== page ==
plump, juicy and rounded with red fruit tones, complex and long in flavor

Q – floral
  exceptionally floral with almost acacia-like tones, delicate and highly aromatic

F – herbal
  hints of mint, pink peppercorn, and floral notes, soft in the mouth, mellow yet potent

The 80 proof Yellow Label, which was reintroduced to the U.S. market in 2002, uses as many as all ten recipes and though it carries no age statement, it’s said to be in the 5 to 6 year range.

The 100 proof Single Barrel, which debuted in 2004, has always come from the same recipe; OBSV. The labels are marked with the warehouse number and barrel number. Again, there is no age statement, but they target an age of at least 8 years.

The 90 proof Small Batch, introduced in 2006, combines four recipes; OBSO, OBSK, OESO and OESK (so two different yeast stains with each of the two mash bills). Like its siblings it lacks an age statement, but it is usually at least 7 years old.

In the spring of 2007 Four Roses began expanding their distribution to areas beyond Kentucky. New York City was first, and they have gradually been spreading across the U.S. since then.

In the fall of 2007, the first Single Barrel Limited Edition release appeared as a tribute to Jim Rutledge’s 40 years in the industry. It has continued as an annual release, but over the years the timing has been shifted back to the spring to coincide with the Kentucky Derby. The whisky is bottled at barrel proof after being aged substantially longer than the 100 proof Single Barrel bottling. The size of the release has ranged from less than 1500 bottles in the first year to about 4000 bottles this year. A barrel will yield roughly 200 bottles at full strength, and with the alcohol level varying quite a bit from barrel to barrel, any given year will see bottles ranging from roughly 100 proof to 115 proof. I’ve put together a list of the recipes and ages of the Single Barrel LE releases over the years:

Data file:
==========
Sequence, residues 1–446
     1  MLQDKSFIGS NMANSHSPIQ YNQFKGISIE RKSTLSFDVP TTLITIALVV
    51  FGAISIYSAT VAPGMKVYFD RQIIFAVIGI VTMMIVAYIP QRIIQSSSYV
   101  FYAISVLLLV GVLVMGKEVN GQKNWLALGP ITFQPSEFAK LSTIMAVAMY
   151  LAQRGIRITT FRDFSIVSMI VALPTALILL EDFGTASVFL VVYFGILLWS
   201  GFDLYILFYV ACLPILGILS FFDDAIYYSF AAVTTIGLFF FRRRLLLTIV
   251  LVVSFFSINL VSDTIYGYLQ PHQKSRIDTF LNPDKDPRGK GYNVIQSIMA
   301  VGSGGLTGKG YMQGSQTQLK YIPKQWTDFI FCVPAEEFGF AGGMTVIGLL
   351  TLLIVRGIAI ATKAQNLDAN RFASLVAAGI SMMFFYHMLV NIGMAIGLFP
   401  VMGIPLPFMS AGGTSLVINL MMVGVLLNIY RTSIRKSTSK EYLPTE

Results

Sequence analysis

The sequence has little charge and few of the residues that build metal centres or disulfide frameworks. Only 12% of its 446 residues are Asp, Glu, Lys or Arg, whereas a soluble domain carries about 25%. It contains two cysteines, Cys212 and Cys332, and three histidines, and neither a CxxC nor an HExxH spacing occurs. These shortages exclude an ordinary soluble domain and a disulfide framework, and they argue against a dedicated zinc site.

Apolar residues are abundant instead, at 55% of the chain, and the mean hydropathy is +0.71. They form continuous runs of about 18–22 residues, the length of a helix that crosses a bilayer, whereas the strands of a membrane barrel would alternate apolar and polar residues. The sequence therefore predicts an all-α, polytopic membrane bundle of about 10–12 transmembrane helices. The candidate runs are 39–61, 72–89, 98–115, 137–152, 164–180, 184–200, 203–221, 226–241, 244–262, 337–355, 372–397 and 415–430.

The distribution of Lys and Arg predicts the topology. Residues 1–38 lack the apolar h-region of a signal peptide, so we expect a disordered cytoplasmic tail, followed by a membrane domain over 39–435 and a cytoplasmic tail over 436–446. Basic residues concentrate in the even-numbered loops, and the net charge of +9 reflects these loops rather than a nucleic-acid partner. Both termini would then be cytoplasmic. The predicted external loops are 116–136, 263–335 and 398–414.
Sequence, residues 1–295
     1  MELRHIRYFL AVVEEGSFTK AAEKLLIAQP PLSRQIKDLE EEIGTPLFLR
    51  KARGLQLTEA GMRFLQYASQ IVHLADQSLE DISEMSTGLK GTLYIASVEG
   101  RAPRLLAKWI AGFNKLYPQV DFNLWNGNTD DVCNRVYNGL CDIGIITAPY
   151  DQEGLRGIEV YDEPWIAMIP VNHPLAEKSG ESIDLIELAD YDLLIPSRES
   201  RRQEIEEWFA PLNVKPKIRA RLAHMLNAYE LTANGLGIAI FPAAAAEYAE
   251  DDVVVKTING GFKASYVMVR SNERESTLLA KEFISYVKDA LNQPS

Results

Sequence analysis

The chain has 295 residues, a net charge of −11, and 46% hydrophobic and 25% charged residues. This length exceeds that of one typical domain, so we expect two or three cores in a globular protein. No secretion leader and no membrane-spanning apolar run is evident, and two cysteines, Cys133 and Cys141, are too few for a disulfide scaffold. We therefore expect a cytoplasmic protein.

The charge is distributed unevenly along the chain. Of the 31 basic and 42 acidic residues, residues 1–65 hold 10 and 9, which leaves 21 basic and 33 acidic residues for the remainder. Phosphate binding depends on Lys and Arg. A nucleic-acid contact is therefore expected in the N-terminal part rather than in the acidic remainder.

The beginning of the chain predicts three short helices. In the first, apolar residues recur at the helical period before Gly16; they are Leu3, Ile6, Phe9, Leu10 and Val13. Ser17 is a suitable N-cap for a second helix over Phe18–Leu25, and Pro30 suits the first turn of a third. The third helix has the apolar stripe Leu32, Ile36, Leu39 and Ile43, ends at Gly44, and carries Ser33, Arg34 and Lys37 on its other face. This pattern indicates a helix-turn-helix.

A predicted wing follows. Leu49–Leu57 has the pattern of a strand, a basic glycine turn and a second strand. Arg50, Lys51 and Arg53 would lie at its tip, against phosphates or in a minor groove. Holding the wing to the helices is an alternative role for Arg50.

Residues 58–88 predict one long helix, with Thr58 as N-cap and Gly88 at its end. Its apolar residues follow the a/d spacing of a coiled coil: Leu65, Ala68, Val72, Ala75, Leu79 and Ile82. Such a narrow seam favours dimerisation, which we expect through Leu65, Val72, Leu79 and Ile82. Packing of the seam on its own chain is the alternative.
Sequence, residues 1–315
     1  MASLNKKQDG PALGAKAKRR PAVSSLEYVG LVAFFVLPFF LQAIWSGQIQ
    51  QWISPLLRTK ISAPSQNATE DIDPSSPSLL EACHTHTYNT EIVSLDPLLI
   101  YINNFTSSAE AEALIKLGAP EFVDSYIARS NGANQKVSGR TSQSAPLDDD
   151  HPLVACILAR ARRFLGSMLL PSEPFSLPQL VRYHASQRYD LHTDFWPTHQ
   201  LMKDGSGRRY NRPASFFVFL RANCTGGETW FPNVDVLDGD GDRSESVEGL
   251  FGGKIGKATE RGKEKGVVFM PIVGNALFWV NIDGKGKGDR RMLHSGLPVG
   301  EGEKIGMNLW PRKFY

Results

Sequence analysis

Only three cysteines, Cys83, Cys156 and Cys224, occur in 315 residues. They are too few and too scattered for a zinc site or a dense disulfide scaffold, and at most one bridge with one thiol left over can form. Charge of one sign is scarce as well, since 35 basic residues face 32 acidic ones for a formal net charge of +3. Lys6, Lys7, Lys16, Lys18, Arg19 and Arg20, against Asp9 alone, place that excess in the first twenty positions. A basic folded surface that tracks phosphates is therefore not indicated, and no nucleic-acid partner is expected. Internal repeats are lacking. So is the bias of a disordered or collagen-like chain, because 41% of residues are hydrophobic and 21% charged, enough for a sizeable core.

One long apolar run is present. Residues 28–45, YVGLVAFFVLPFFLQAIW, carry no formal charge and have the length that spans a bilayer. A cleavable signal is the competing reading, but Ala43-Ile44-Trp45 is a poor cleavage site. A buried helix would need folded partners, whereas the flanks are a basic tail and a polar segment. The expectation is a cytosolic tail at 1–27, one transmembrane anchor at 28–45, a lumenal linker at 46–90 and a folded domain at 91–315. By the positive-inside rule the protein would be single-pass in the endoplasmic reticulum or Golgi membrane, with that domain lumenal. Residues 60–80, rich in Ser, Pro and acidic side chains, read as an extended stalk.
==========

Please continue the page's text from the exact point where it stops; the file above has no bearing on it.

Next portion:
2007 Single Barrel Limited Edition, OESO, 13½ years

2008 Single Barrel Limited Edition, OBSK, 12 years

2009 Single Barrel Limited Edition, OESQ, 11 years

2010 Single Barrel Limited Edition, OBSV, 17 years

2011 Single Barrel Limited Edition, OBSQ, 12 years

2012 Single Barrel Limited Edition, OESK, 12 years

2013 Single Barrel Limited Edition, OBSK, 13 years